The lines were long, but staring at other people on lines at Disney seems to be part of the experience. Unfortunately, Disney has taken away the FastPass system, which allows you to make a reservation to experience a specific ride during a given window of time, thus skipping the long standby line. They’ve also taken away the single rider option. I can’t figure out why they got rid of FastPasses and single rider. I don’t see how they limit social distancing, but then, I don’t run Disney.
If you really want to skip the lines, the best way to do it is with the VIP experience. Groups of up to 10 can hire a VIP guide who will meet you at your hotel or at one of the parks and bring you through all of the secret VIP entrances that Disney doesn’t want its regular guest to know about. You will cut all lines and get in at least double the number of rides. Your checkbook will go for a big ride, too, because the minimum for the VIP experience is $4,500, which gets you seven hours of line-jumping.
Whether you go VIP or stand in lines with the proletariat, one day at the Magic Kingdom should suffice. We spent our second day using the park hopper, which allows you to visit more than one park in a single day. In the morning, we went to Disney’s Animal Kingdom, which has been described, accurately, in our experience, as a “half-day park.” You’ve got the Everest rollercoaster, which our kids loved and did twice; you’ve got the Kilimanjaro Safari, which saves you a trip to Africa because you see so much wildlife in such a short amount of time; and you’ve got, above all, the Avatar ride, which gives you the experience of riding on the back of a banshee through an immersive virtual reality world. No matter how long the line is, Avatar is worth the wait.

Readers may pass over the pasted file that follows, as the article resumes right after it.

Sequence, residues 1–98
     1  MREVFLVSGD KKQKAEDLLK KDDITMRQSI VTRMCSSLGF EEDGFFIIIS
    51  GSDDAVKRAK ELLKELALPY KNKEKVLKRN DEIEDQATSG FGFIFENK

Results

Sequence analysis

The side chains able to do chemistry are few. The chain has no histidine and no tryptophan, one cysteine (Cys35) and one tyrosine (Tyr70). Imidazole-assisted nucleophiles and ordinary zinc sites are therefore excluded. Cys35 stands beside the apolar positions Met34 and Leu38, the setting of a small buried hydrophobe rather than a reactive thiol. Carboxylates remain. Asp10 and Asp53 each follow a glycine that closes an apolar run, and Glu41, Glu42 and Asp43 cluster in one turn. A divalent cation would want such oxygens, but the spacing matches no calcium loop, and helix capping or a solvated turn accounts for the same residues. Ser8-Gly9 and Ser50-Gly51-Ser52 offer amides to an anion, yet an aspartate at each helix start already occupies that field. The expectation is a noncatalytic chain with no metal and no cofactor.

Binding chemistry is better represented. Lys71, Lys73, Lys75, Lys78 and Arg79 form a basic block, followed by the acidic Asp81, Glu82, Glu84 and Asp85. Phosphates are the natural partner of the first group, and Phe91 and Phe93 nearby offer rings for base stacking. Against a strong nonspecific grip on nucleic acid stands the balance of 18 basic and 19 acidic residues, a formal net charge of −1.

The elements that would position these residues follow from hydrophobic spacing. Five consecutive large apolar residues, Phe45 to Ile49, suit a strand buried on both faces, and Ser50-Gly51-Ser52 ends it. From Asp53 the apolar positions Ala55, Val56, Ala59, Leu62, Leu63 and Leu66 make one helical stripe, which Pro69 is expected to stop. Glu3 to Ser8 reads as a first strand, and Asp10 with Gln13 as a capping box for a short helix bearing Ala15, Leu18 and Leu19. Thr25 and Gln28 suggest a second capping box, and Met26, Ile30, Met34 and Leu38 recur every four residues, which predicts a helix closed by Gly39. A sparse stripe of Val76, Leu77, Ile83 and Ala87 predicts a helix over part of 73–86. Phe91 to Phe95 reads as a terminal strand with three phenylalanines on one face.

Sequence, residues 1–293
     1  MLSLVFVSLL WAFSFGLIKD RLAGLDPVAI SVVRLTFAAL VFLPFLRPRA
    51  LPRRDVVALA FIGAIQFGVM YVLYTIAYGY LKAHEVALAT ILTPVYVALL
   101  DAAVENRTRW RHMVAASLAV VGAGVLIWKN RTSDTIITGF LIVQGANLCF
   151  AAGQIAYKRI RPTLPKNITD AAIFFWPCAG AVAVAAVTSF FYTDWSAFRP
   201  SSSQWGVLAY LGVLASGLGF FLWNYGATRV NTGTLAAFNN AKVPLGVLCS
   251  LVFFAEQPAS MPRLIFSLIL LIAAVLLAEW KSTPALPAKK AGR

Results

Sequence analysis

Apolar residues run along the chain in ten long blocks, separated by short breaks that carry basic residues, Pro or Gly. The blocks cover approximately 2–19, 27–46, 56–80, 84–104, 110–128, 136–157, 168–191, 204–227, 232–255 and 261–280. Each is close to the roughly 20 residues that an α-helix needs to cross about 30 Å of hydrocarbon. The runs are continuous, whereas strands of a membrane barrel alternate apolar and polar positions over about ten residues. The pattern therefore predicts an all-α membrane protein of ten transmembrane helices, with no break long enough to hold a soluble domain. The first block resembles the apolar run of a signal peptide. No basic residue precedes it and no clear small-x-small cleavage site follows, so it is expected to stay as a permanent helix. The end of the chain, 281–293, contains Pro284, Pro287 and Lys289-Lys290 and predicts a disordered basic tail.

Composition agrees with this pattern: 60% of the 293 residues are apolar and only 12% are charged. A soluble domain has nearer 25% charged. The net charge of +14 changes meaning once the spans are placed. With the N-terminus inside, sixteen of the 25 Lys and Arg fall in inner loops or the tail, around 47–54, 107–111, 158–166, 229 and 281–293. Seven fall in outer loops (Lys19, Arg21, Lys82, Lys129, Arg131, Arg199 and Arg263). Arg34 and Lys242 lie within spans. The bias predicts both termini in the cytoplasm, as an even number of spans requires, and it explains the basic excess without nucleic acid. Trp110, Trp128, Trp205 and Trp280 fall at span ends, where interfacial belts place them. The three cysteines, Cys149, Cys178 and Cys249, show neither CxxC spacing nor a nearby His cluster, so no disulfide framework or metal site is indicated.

We left the Animal Kingdom around 2 p.m., the time that park-hopping becomes possible, left the park complex to get COVID testing, so our kids could get back to school on time (we were all negative, thank you), and then rounded off our Disney experience with a visit to Hollywood Studios.
The signature rides there are the Rock N’ Roller Coaster, the Hollywood Haunted Mansion, which is even more terrifying than the one in Anaheim, and the Star Wars rides. A little bit of advance planning is necessary because the primary Star Wars experience fills up early; you want to get on the virtual queue to ensure your place. A half day at Hollywood Studios seemed to be enough.
I’d been to Epcot on a previous visit, and it’s a bit of a snooze fest, especially if you have children. It’s an interesting enough experience, but you aren’t paying Disney money just for interesting. A full day at Magic Kingdom and half days at each of the other parks that I mentioned would be the wisest choice.
If your pocketbook permits, stay at a Disney resort instead of any of the other hotels in the area. There’s just something about an immersive Disney experience, and there are always lovely Disney cast members in the lobby with magic iPads who can solve any problem and make your Disney day even better.
Book everything in advance, as the parks require advance reservations. The hotels sell out, and the VIP experience also fills up way in advance, despite the hefty price tag.
As I said earlier, everyone has to make his or her own judgment as to the wisdom of traveling and being around crowds during the pandemic. We made the decision to go, and we don’t regret it for a minute. I strongly suspect that your family will feel the same.